Iranian rial falls below 110,000 a dollar as US sanctions loom

Iran’s currency rial plunged to a record low on Sunday, dropping below 110,000 to the US dollar amidst a deepening economic crisis as Iranians brace for the first wave of sanctions by the United States that would hit the nation on 7 August.

The Iranian rial hit a record low below 100,000 to the dollar amid on Sunday while the Iranian currency plunged to as much as 111,500 against the greenback on the unofficial market, down from about 97,500 rials on Saturday, according to foreign exchange website Bonbast.com.
Other websites put the exchange value of the rial at around 108,500 to 116,000 rials a dollar.
The Iranian rial is indicated at 639.81 against the Indian rupee.
Iranian media reported last week that monetary authorities had reversed an earlier decision to cut interest on bank deposits, in a bid to mop up excess cash in the economy and reverse rising inflation.
The rial has lost about half of its value since April because of a weak economy, heavy demand for dollar and the local banks’ inability to meet the demand for dollars among Iranians who fear the effects of sanctions.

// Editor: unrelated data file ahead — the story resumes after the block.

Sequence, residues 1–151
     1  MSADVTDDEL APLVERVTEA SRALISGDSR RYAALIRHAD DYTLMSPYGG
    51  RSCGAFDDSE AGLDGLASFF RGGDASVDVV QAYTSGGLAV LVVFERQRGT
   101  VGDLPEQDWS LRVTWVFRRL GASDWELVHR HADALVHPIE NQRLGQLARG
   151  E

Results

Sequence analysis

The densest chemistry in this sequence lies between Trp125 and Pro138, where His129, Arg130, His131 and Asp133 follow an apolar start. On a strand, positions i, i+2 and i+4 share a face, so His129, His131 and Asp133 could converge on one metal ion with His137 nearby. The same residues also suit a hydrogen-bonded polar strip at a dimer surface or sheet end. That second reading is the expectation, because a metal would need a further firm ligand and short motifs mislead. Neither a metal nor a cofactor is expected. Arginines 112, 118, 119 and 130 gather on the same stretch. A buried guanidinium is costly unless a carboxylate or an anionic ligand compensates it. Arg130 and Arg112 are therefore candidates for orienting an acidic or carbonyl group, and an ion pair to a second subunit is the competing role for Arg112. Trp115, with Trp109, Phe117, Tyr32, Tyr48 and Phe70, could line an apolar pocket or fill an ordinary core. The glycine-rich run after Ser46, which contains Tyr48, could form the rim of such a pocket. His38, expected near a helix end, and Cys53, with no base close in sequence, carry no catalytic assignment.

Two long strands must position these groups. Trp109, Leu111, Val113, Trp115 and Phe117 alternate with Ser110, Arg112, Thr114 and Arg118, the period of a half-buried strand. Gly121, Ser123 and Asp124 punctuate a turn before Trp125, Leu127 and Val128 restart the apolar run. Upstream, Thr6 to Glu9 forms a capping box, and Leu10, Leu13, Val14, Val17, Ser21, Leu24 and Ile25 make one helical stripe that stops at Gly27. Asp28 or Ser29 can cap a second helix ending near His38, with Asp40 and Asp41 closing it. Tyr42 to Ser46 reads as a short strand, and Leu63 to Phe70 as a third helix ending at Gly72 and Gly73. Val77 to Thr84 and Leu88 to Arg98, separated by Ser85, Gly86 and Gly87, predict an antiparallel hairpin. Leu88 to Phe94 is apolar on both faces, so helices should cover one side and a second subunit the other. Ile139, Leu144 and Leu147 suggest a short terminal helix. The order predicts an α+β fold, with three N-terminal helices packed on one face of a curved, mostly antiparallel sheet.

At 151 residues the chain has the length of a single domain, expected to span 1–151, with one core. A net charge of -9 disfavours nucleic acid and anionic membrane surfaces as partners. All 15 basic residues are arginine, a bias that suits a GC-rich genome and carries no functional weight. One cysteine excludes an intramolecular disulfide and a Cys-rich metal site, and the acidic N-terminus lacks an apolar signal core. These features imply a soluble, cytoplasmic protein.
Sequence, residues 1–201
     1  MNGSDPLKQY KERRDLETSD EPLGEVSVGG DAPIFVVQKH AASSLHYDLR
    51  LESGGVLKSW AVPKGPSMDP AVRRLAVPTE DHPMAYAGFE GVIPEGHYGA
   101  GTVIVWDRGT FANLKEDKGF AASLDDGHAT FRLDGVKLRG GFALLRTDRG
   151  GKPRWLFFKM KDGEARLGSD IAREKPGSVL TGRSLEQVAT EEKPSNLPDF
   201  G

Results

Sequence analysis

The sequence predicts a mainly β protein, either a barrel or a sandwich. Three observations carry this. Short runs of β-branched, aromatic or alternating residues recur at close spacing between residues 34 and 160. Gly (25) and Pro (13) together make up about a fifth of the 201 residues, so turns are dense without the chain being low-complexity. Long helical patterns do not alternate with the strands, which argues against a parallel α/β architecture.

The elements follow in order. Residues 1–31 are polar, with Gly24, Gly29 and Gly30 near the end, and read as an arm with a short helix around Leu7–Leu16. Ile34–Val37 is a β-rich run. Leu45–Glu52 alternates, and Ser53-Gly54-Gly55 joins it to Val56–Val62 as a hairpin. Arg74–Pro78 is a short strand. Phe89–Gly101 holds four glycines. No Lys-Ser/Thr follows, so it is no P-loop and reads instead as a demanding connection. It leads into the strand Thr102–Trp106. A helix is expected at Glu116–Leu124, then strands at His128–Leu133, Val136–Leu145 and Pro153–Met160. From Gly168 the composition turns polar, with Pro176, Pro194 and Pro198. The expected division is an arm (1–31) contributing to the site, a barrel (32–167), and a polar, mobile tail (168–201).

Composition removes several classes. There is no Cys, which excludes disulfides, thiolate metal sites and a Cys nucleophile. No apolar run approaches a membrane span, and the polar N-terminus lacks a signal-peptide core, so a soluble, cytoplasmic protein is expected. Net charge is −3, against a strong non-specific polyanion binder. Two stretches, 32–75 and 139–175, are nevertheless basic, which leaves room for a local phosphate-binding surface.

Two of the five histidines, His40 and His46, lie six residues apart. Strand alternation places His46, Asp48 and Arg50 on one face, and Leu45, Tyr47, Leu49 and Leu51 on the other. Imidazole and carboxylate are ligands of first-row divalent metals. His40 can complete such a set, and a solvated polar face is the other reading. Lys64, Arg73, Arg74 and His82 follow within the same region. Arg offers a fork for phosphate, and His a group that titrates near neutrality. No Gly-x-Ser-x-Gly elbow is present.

Tehran tried to fix the rate at 42,000 in April, and threatened crackdown on black marketers. But trade worries about a prolonged economic downturn continued to hurt the rial.
In June, however, Tehran allowed more flexibility for certain groups of importers, according to local reports.
The United States pulled out of the 2015 deal between major world powers and Iran under which international sanctions on Iran were lifted in return for curbs on its nuclear programme (See: Irate Iran to deploy missiles after fresh US sanctions).  
On 7 August 2017,  Washington decided to reimpose those sanctions, accusing Tehran of posing a security threat, and has called on countries to halt all dealings with Iran from 4 November or face US financial measures.